Call for Submissions: Places to Stand

Saw Palm, the University of South Florida’s literary magazine, is calling for submissions for its series Places to Stand.

I found this call for submissions while working on my Submission Bonanza!, an attempt to submit work to thirty literary magazines in the month of July.

Since a huge part of my interest in writing and words is place-based, I am in love with this project and I wanted to share it with you all and encourage you to submit too!

Even if you don’t have writing about Florida, it’s a really lovely prompt.

 

What Is It?

Places to Stand is a literary map of Florida, using words instead of photos.  Each pushpin marks a point where a contributor has written a short nonfiction piece about what it’s like to stand at that particular place at a particular moment in time.  Some of the Places to Stand pieces are memories.  Some are written on the spot.  Some are written as poetry.  Click on the pushpins and take a literary tour through Florida time and space!

 

Places to Stand in Florida   (appears on sawpalm.org)
Please tell us what it’s like to stand at a specific place in Florida at a specific time of day in 500 words or less. While we enjoy the unusual, locations should be public and accessible (so not your bathroom!) Please include GPS coordinates.

Unlike other categories, current or recent USF students and faculty are welcome to submit pieces for the Places to Stand series.

Poems submitted as part of the Places to Stand series are welcome but should be justified left and otherwise not have complex formatting and spacing. This is due to technical limitations in Google Earth.

 

You can submit here!

 

 

 

places to stand

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Notches on the Bedpost: Unexpected Lessons Learned from Submitting Writing to LitMags Every Day

Notches on the bedpost - scratches on the back.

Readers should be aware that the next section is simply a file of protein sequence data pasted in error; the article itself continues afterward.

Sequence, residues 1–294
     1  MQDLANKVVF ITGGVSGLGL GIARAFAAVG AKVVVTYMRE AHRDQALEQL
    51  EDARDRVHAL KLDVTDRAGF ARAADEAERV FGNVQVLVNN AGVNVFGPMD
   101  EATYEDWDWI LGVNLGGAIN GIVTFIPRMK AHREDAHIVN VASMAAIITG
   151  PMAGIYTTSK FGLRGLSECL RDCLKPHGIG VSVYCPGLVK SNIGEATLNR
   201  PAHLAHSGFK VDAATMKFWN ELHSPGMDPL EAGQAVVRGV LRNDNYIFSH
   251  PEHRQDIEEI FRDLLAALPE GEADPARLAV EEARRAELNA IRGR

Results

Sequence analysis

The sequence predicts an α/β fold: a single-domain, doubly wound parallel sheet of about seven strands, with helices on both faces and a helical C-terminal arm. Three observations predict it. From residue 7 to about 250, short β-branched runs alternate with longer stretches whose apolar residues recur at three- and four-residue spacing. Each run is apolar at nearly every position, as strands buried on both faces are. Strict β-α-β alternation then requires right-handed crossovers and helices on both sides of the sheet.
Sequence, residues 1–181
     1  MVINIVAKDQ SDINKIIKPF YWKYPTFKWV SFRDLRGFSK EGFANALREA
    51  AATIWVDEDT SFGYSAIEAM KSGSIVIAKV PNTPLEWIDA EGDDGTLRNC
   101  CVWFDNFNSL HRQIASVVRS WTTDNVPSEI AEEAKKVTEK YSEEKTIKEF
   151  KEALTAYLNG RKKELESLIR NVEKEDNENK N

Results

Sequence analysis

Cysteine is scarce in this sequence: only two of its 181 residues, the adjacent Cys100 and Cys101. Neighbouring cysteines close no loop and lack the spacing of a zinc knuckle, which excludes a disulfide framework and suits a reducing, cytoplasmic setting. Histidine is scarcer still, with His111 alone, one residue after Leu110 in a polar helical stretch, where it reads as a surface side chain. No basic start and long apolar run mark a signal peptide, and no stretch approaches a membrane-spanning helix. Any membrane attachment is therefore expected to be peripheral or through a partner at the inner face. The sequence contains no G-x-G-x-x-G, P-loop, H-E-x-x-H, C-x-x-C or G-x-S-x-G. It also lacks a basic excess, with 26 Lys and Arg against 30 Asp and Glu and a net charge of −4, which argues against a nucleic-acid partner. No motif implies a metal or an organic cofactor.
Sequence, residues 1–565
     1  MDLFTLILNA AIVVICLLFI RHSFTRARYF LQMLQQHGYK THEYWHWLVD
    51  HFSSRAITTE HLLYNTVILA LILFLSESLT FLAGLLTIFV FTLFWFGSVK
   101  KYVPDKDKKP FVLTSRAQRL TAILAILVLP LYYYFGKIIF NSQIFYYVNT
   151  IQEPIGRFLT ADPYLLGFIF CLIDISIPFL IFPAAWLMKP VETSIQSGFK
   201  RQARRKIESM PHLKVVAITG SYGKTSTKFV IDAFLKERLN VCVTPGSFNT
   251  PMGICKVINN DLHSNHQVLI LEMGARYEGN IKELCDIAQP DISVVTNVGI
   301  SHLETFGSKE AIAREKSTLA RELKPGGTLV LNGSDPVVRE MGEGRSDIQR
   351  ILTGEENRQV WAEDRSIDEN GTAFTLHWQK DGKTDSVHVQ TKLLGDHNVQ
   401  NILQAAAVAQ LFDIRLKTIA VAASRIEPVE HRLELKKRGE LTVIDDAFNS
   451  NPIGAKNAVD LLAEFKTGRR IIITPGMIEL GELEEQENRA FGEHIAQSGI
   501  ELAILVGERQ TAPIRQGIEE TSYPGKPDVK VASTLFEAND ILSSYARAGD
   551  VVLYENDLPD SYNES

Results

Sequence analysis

Earlier this summer, I was inspired by the devilish number 66 on a list of The 100 Best Ways to Become a Better Writer.  Rack up rejections.  The phrasing and sentiment behind the idea played over and over in my mind and I was captivated by it.  I started imagining pieces of my writing marching out into the world dressed to the nines in their Saturday night best, and returning home (accepted or not) to put another notch on the bedpost.  Perhaps they would have short-lived flirts with editors who didn’t want to take them home, or one night stands with litmags where they weren’t accepted but, hey, at least they were being read, even if only ephemerally.  Or maybe they’ll find the editors of their dreams and fall in love together, being read again and again, put into print to show the permanence of their mutual devotion.  In any case, they were going out, having a good time, and meeting some new people.

So, I encouraged myself to bring these absurd reveries to fruition by setting a challenge for myself.  In the month of July, I would submit work to one literary magazine every day.  I called it Submission Bonanza! (and yes, the exclamation point is quintessential – I’ll take it as one of my five) because it was by far the most submitting I’ve done, ever.  I’m a little more than halfway through my challenge and I’ve learned quite a bit from it. I’ve learned some basic, practical, and incredibly necessary skills, like how to write a cover letter for my work or what to include in my author’s bio (look out for posts on these in the future).  But I’ve also learned some things that I didn’t quite expect to learn.

1. I’ve been introduced to more contemporary writers and magazines.

In trying to decide which pieces to send to which magazines, I’ve been doing a lot of reading.  In this digital age, a lot of literary magazines have either full issues or teaser bits and pieces of issues on their websites.  Thankfully, I’ve not had to buy year-long subscriptions of every magazine I’ve submitted to (I am a poor grad-student-to-be, after all) in order to see what kinds of writing might be a good fit for the magazines.  The interesting thing about all of the reading I’ve been doing is that it is very contemporary.  It’s very now.  Though I love me some Pablo Neruda or Sylvia Plath, they have become quite canonized.  It’s incredibly interesting to read what people are writing now.  It’s also really useful to get to know the magazines and publishers that are working with these things.  You can see the magazines I’ve been submitting to at the original post about the challenge and read what they’ve been publishing.

2. I’ve become a better reader.

All of these pieces I’ve been reading, I’ve been reading incredibly closely and critically.  I don’t think “Gee, that poem makes me feel… (warm, angry, fuzzy, whatever).”  Because I am reading to find out what editors might like in my own writing, I have to ask myself a myriad of questions about everything I read.  What did the editors like about that piece?  What does it have in common with the other pieces that were chosen? How does it compare to pieces I’ve written?  Reading critically like this has forced me to turn the same discerning eye back on my own writing, which brings me to…